. . .

; =

...- * US ,•: - * ■' - ' ' I

. . ... i ' ■> .•' " c In,, '

fi ,. ;,-. ... ij , ■■ -■■ :- :■ h :■

£i */i .... . ■■■ .. - / v ' .
















j' ionaGfl^waaa©»feBa®a"i"-u- aoc



/ 1







Ithaca, New York


Blluetin No. Plates Pages

77. Timothy Abbott Conrad, with particular refer-

ence to his work in Alabama one hundred

years ago

By H. E. Wheeler 1-27 1-158

78. A microfauna from the Monmouth and basal

Rancocas groups of New Jersey

By P. H. Jennings 28-34 159-234

79. Coral Studies. Part I : Two new species of

fossil corals. Part II : Five new genera

of the Madreporaria

By J. W.Wells 35-36 235-253

MAK 2 5 1937






Ithaca, New York, U. S. A.


CIV^ £SY- ^tr-rTS^^c*-^/





No. 77

Timothy Abbott Conrad, with Particular Reference to his Work in Alabama One Hundred Years Ago

By Harry Edgar Wheelkr

September 2, 1935

Paleontological Research Institution Ithaca, New York

Vol. 23


Plate No. 2

Gilbert Dennison Harris


(Profssor Emeritus of Paleontology and Stratigraphic Geology, Cornell University)


Affectionately, THE AUTHOR




Scope of the work : Acknowledgements 1

Chronological 5


The Historic Background for a Scientific Story

A Distinguished Statesman and Patron of Science 10

Claiborne: Its prominence in Alabama History 13


Eighteen Thirty-three

Exit - the Alabamas ; Enter - the Conrads 21

The Long Road to a Pnleontologieal Paradise 24

Happy Days with Hospitable Friends and Tertiary Fossils 29

Mobile, St. Stephens, Erie " 33

PART THREE Expedition to North Alabama

Pen Pictures of a Pioneer Period 39

Maps, Roads, and Rivers 42

On the Trail of a Shell Collector 44

PART FOUR Working and Waiting

Rounding Up an Eventful Year 51

The Homecoming of a Traveler 54

PART FIVE The Passing Years

The Period of Active Production : 1834 - 1846 60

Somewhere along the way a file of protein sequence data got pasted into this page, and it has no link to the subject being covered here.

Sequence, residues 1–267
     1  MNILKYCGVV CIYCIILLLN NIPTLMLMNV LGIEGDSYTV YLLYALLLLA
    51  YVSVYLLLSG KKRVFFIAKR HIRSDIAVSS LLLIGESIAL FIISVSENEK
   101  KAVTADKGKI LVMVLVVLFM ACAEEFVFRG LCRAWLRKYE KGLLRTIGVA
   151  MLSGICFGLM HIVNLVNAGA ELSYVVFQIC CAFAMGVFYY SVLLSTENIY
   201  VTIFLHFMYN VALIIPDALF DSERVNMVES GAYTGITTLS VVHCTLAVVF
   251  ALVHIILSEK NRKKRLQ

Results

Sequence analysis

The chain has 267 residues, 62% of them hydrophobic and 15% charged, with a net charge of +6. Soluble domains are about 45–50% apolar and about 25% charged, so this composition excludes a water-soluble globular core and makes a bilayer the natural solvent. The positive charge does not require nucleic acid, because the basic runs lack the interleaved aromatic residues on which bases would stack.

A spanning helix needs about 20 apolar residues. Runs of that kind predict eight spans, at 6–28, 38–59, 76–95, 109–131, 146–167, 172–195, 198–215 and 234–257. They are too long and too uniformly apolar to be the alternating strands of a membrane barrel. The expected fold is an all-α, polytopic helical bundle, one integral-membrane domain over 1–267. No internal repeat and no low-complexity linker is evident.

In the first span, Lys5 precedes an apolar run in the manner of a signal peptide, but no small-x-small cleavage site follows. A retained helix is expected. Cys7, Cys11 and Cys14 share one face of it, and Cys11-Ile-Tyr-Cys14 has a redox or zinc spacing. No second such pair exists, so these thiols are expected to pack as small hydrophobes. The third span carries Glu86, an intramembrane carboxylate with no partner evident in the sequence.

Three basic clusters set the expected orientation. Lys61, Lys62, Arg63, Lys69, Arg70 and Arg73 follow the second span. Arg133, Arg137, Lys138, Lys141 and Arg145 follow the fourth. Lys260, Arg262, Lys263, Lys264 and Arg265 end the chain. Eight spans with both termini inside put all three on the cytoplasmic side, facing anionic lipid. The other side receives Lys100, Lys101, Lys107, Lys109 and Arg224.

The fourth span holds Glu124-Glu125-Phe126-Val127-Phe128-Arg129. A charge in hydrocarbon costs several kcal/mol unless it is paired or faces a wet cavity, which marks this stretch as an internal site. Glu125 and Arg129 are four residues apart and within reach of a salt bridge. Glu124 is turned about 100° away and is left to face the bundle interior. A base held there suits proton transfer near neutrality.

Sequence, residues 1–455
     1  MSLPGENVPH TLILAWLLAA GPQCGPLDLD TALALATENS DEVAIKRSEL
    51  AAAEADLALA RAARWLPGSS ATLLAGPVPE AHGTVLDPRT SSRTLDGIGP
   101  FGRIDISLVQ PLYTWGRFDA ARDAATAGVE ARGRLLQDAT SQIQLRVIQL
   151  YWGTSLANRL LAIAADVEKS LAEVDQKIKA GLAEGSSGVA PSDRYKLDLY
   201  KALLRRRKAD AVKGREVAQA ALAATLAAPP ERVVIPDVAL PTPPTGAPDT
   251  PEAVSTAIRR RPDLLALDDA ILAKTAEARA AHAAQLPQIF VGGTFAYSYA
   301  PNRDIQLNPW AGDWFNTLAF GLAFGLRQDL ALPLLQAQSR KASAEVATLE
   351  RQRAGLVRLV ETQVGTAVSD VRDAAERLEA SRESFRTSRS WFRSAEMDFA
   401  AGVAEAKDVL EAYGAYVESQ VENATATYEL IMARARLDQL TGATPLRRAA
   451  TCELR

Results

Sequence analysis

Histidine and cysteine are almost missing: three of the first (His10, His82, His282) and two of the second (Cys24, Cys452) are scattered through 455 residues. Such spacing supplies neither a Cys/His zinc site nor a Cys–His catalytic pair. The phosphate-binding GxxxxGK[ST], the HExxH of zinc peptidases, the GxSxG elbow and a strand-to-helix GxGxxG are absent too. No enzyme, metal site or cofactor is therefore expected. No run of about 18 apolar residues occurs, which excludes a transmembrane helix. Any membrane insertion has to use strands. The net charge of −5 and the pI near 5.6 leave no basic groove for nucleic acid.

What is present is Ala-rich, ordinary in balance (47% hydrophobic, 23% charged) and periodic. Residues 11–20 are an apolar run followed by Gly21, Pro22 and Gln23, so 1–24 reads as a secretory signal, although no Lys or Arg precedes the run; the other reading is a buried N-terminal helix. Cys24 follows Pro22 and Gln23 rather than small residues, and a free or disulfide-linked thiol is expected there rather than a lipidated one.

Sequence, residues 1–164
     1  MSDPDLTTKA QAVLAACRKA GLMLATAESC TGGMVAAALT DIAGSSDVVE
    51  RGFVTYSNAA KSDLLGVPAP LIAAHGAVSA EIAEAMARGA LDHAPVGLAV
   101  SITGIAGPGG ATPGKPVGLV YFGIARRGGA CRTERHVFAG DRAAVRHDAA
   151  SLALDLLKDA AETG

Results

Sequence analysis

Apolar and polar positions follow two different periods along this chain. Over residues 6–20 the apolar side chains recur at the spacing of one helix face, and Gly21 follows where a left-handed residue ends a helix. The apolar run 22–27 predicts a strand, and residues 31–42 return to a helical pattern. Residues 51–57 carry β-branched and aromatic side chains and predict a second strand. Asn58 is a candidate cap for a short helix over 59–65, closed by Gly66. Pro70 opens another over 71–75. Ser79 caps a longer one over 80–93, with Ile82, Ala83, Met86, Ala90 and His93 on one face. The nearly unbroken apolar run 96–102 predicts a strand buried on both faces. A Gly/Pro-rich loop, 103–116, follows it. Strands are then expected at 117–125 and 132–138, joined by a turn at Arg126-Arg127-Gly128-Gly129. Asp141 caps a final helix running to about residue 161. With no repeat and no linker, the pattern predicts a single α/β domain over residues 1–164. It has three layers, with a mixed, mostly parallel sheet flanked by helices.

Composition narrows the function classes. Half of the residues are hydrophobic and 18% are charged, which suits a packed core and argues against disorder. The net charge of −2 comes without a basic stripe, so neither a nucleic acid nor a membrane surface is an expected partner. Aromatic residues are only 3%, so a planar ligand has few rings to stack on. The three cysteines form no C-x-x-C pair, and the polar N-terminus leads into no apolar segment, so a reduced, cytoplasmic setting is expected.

The Period of Miscellaneous Interests : 1847 - 1877 70

The Closing Scene 77


The Poetical Conchologist

The New Diogenes 82

A Geological Vision 83

PART SEVEN A Costly Controversy

Steamboats and Science 93

A Promising Cooperation 96

A Clouded Sky 98

New Light from Old Letters 103

PAET EIGHT Estimates and Appreciations

Limitations and Discouragements Ill

Gratitude 115

Honors and Recognitions . . / 117

In Conclusion 121








1. Timothy Abbott Conrad (Fronti&p\ iii

From a photograph retouched by an artist member of family.

Acknowledgments are made to D. Appleton & Co., for per- mission to republish the portrait, and to the U. S. National Museum for the use of the Plate which belongs to the Merrill Collection of Geological Portraits.

2. Gilbert Dennison Harris v

3. The First Fossils Described from Claiborne 9

4. Claiborne Fossils 11

5. Shells Described from Claiborne 13

Ostrea sellaeformis (St. Maurice) Tulotoma magnified (Fresh-water)

6. Charles Tait 15

7. The Debet ' ' Mansion ' ', Claiborne 17

This house, the present home of Mr. and Mrs. W. E. Deer, was built in 1835, replacing the earlier house in which Gen- eral La Fayette was to ' tve been entertained on his visit in 1825. It is the only one of the old Claiborne residences re- maining. Much of its g rial furniture is preserved.

8. Hall and Stairway in the Dellet House 19

9. The. Masonic Lodge, Claiborne; The old Warehouse at the

Lower Landing, Claiborne, top of the bluff 21